Japanese Curry, from scratch
makes 4 very generous servings or 6 for people with lots of restraint
2 tablespoons butter
1 onion, sliced thinly
2 teaspoons fresh garlic, minced
2 teaspoons fresh ginger, minced
1 or 2 small Yukon Gold potatoes, sliced or diced as desired
2 or 3 carrots, sliced or diced as desired
1/2 large granny smith apple, diced (or 1 whole small apple of whatever type)
1/2 cup frozen peas
2 tablespoons flour
1 tablespoon curry powder
1 teaspoon garam masala (and if you don't have this in your kitchen, you need some)
2 1/2 to 3 1/2 cups broth or bouillon in water
-salt to taste (go light - I needed 1/2 teaspoon and used low-sodium broth)
-brown sugar to taste (if needed - up to 1 teaspoon)
-small squeezes of any of the following (which I totally didn't need) to bring up tartness, complexity, and the love level: ketchup, tonnkatsu sauce, or Worcestershire sauce
-a sprinkle of cayenne or other hot pepper
You will also need rice and your favorite crunchy-crusted cutlets for serving (might I recommend either Chik Patties by Morningstar Farms or the delicious Chickpea Cutlets from Veganomicon, if you don't want to fry chicken or pork cutlets?)
Melt 1 tablespoon butter in a medium saucepan. Add onions and stir-fry until onions are richly browned. The browner the better. (Burneder is not better.) Add ginger and garlic and stir-fry until fragrant. Add 2 1/2 cups of broth and bring to a boil. Then add potatoes, apple, and carrot, and allow to simmer until vegetables are very soft.
If you prefer your curry uniformly thick and saucy, you may puree the veggies. If you like it with recognizable veggies, leave them alone. I split the difference and just sort of drive-by'd them with a potato masher, which made an unattractive but delicious curry. Next time I'll puree, and the time after that, I will probably leave them whole. :) What I'm saying here is whatever suits you is fine.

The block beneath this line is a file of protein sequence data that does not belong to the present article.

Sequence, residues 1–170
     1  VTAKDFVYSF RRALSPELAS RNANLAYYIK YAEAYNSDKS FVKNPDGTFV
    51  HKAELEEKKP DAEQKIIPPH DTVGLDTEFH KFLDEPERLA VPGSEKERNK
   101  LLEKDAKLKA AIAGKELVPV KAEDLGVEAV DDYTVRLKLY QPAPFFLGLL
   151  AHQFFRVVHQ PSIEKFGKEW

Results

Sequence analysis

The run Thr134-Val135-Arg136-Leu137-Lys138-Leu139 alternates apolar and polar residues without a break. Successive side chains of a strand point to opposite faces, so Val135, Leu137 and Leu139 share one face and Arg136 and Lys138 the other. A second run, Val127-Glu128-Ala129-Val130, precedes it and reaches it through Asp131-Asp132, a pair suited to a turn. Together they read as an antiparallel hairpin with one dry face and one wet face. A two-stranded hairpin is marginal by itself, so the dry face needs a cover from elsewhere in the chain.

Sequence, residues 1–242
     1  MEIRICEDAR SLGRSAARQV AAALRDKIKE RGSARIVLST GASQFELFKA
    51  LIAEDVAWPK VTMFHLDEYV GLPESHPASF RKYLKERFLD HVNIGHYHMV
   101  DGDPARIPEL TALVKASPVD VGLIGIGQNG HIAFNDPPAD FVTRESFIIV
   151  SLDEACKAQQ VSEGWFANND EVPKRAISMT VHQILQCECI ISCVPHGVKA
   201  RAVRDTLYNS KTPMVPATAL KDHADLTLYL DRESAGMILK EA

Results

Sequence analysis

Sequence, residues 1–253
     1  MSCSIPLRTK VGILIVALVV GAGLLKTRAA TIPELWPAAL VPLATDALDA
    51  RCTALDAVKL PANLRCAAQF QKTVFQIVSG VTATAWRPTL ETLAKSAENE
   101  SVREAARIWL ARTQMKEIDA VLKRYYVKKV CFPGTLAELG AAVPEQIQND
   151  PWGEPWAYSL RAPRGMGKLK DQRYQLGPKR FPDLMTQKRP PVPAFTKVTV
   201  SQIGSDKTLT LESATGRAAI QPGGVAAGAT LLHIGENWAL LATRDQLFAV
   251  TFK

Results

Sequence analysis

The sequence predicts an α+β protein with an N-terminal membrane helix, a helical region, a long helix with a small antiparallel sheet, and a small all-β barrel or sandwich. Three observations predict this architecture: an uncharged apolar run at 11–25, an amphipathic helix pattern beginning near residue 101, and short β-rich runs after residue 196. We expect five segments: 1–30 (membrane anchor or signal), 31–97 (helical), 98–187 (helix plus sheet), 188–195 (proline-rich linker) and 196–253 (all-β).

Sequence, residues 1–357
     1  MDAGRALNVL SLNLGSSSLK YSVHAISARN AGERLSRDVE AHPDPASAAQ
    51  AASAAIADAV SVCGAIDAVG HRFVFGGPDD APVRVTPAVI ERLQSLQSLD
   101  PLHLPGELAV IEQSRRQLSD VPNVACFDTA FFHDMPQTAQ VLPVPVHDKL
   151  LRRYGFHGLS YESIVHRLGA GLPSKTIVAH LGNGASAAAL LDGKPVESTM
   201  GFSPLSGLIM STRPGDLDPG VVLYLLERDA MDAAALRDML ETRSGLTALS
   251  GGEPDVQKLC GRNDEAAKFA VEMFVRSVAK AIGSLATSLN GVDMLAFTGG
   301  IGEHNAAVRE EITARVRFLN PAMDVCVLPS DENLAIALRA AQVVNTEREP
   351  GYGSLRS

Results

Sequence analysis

In a skillet, melt the other tablespoon of butter and add the flour to make a roux. Cook and stir until flour loses raw smell, but don't brown. Add the curry powder.
Options for finishing: 1) If you did NOT puree the veggies, dip some of the broth out of them into the skillet with the roux and blend with a whisk; once you have a thick gravy in the roux skillet, add the roux mixture and garam masala to the vegetable mixture and stir. Add peas and let them defrost. Then serve a couple ladle-fulls of this on rice and cutlets.
2) If you DID puree the veggies, you will find that the broth in them is too thick to dip into the roux. That's okay. Add another 1/2 to 1 cup of broth to the roux, and blend with a whisk; once you have a thick gravy in the roux skillet, add the roux mixture and garam masala to the vegetable mixture and stir. Add peas and let them defrost. Then serve a couple ladle-fulls of this on rice and cutlets.
Optionally to the whole cutlet plan (although I scoff at your cutlet-rejection), you can add 1/2 to 1 pound of boneless chicken to the browned onions, and go from there. You won't be able to puree this option without it being gross, though. And you will miss out on the cutlets.